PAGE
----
Mid-week pickup line

narutolove

Another Xanga gem: “I’d kage bunshin myself all the time just to be with Irene.”

(For those of you not in the know, that’s “Naruto’s Shadow Clone Technique” to you.)

 

Reversing douchebag conditioning

I recently went on some very nice dinner dates with the types of companion I guess you could call atypical given my history with men.

Having gone through a relatively lengthy dating drought and also having lost almost all hope of any decent company involving males and either non-platonic chemistry or non-awkward conversation, I was pleasantly surprised by the change in pace. So before I go on further, here’s to the nice guys that mistakenly think niceness detracts from game.

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21 and over

Working at a bar presents a surprising number of opportunities to gain new insight on people and my generation. This last weekend, I was reminded of what it was like to be 21.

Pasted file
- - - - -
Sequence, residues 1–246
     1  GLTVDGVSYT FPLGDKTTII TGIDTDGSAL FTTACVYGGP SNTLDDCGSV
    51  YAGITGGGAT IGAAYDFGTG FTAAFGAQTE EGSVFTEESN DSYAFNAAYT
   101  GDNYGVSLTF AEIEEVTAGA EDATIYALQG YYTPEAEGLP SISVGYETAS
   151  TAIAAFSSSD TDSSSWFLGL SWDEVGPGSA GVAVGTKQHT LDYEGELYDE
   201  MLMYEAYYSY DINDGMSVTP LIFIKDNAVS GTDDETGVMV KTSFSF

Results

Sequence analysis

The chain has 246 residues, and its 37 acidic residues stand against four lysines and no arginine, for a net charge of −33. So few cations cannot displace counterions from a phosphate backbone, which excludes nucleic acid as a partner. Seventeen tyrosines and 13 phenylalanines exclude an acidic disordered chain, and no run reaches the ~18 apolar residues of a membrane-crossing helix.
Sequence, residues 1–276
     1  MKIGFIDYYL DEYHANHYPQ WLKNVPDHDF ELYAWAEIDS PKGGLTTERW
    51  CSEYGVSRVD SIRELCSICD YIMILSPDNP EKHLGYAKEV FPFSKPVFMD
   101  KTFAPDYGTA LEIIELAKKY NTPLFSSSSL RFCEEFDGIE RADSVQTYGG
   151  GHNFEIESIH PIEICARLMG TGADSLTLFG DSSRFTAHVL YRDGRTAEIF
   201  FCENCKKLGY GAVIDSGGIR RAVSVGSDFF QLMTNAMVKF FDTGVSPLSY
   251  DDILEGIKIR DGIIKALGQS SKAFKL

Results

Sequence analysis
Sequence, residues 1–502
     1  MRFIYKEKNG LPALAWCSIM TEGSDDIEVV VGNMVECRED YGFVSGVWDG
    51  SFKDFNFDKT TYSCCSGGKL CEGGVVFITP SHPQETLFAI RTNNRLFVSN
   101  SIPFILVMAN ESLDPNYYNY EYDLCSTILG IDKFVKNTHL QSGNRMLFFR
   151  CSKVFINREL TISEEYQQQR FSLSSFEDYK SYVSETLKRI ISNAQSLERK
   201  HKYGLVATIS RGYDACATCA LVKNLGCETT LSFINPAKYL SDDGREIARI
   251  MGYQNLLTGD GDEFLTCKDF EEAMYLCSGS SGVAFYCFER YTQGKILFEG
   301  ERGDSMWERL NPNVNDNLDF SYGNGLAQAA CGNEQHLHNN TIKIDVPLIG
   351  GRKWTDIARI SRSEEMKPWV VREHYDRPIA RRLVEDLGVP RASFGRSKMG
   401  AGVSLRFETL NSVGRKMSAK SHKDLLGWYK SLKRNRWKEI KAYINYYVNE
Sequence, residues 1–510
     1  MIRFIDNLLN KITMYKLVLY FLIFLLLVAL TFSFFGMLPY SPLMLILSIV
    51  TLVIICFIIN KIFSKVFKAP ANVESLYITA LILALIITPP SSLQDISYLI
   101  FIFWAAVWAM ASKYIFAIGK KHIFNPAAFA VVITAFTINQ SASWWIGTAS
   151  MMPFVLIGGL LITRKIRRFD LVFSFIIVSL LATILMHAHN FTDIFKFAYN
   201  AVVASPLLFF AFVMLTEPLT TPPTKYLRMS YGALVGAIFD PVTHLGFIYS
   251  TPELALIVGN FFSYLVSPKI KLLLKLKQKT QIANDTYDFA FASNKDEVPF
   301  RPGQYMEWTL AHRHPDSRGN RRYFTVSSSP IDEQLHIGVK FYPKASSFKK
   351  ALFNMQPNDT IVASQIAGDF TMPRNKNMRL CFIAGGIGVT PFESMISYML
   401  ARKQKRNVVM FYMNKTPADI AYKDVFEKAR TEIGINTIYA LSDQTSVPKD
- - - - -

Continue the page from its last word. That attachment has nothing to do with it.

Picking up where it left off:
Or even under 21. You know how it is, that feeling of immense pride when you whip your ID out of your wallet and hand it to the bouncer, knowing that you can finally enter a bar without legal hassle (or you have a really, really well-made fake ID), but still feeling that thrill of the slight fear you may still be rejected. Now I just get indignant whenever I’m even asked for an ID.

So last Saturday, a chubby-cheeked cherubian boy stepped up to the bar, looking mighty pleased with himself. He shyly thrust forward a neatly folded $20 bill.

“What’s the most beers I can get for this?” he asked, holding the bill up high and waving it at me at a very specific angle.

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Love is blind

One afternoon back in March, Molly and I were on the El headed downtown from Evanston campus when a blind man with the most gorgeous golden retriever of a seeing-eye dog boarded our train. We watched as the man and his dog sauntered over and took a seat right next to ours.

Dog and myself must have felt a connection because immediately after settling in, she began to sniff in the vicinity of my hand. Smiling (but for whose benefit I wasn’t sure—I wondered whether it was true you could hear a genuine smile in someone’s speech), I directed my voice toward the blind man.

“Excuse me,” I asked, pondering standard protocol with regards to seeing-eye dogs, “but would you mind if I said hello to your dog?”

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